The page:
We welcome Autumn, as the humidity and heat of summer give way to cool crisp air, clear skies, and the changing colors of the leaves. I have always appreciated this time of year. I remember, and still enjoy, harvesting my favorite items in the garden after a long summer of work – apples, sweet potatoes, and the second round of raspberries and blackberries. It is one of the reasons I named the firm Harvest. It represented the reward of hard work, and the wisdom of saving enough for next year’s planting – which by the way starts next month with garlic.
If only the U.S. economy was as straight forward as my garden. If you have tried to purchase goods recently, you realize it can be “hit or miss.” The semiconductor chip shortage, seemingly innocuous, is just one example of how a small hiccup in the supply chain can have a rather large domino effect. We saw a huge jump in demand this year as people renovated their homes, built home offices, and found ways to spend money that didn’t include entertainment and travel.
While three months ago we anticipated supply-chain disruptions would be short-lived, we are coming to understand the issues are deeper than what the data originally showed. With the expiration of additional unemployment benefits, we should start to see some easing as people return to the labor market, although in the near-term this remains an issue for many businesses. We now think the resolution of supply chain problems may take another six to nine months.
Additionally, these issues have exposed vulnerabilities in the U.S., including just-in-time production, reduced inventories, and a significant lack of truck drivers, which could worsen over the next few years. This will lead to higher wages and inflation, which will lead to higher input costs for businesses. We are watching these supply chain risks closely as they may affect areas such as energy and sales this coming Christmas. Some sectors will be more adversely affected than others. A silver lining is that we do not expect a substantial reduction in profit margins because of productivity enhancements made by business during the last 1 ½ years. In fact, profit margins are near a 10-year high as revenues increase along with input costs.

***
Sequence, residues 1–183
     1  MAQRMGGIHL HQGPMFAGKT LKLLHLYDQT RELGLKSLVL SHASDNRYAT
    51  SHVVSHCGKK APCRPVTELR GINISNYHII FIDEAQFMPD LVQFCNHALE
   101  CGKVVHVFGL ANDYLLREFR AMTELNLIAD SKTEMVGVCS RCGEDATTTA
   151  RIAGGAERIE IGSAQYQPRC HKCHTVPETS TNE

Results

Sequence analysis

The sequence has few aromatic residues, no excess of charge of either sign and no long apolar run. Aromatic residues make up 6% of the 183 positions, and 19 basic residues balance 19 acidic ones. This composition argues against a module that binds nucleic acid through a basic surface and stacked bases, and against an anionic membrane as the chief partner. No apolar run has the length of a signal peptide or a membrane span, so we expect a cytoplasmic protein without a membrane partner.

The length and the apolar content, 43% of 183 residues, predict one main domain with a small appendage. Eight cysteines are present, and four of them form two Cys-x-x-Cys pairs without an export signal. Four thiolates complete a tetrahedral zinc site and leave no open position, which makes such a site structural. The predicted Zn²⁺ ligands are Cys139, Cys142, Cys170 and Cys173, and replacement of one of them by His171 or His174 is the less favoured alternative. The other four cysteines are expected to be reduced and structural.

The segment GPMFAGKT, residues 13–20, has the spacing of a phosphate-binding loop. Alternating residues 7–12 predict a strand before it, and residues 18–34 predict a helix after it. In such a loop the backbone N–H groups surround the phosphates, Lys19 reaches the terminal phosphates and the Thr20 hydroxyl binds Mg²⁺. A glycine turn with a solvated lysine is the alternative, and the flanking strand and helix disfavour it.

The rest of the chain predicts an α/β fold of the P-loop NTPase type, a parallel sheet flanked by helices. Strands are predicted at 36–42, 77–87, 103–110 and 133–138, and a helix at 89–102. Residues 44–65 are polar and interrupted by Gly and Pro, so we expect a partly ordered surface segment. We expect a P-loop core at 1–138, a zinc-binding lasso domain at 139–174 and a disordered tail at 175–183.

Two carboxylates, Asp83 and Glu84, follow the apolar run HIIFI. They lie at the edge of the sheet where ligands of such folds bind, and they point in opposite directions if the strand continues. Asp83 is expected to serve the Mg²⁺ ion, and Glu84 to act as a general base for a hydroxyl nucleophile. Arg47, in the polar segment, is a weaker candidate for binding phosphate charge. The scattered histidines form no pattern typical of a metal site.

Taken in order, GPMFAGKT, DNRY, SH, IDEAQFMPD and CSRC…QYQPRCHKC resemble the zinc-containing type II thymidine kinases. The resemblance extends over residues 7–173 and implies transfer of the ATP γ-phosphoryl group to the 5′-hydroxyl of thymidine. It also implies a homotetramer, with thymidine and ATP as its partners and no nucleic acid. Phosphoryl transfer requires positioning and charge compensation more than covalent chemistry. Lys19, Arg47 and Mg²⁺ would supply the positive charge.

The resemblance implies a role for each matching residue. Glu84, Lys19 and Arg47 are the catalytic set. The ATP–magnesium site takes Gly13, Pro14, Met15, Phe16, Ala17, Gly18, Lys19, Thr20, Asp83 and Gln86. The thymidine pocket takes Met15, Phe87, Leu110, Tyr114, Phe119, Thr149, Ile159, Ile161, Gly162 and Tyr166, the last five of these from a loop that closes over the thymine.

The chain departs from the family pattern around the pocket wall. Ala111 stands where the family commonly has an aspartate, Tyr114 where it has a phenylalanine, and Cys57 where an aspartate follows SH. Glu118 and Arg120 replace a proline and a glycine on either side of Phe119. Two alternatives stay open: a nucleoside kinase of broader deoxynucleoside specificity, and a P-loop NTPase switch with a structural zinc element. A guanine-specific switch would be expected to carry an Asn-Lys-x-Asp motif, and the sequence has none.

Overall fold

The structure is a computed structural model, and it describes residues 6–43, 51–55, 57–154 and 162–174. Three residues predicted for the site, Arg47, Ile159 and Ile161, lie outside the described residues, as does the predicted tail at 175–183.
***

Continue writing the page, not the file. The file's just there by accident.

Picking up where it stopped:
Looking ahead, the data continues to show an economy that is resilient and growing. However, we expect growth to decelerate over the next nine months consistent with a return to normal trends. Because of the explosive economic growth in the first half of this year, the markets are fully valued going into the fourth quarter. We should expect volatility to remain with us as the markets find sustainable, higher highs in line with future earnings. On the fixed income side, interest rates have been climbing recently with the yield on the 10-year Treasury back above 1.50%. While increasing yields potentially means more income, it also means negative returns for those who hold fixed income. You can see this relationship in the iShares Core U.S. Aggregate Bond Index (AGG) which is down 1.67% for the year. Going forward, fixed income will become more of a challenge as rates continue to rise. However, we have added positions for protection that should benefit in a rising interest rate environment, and have outperformed the core bond index this year.
If you would like to discuss any of these areas in more detail please reach out to us. As always, thank you for your trust.
Marc Henn, CFP®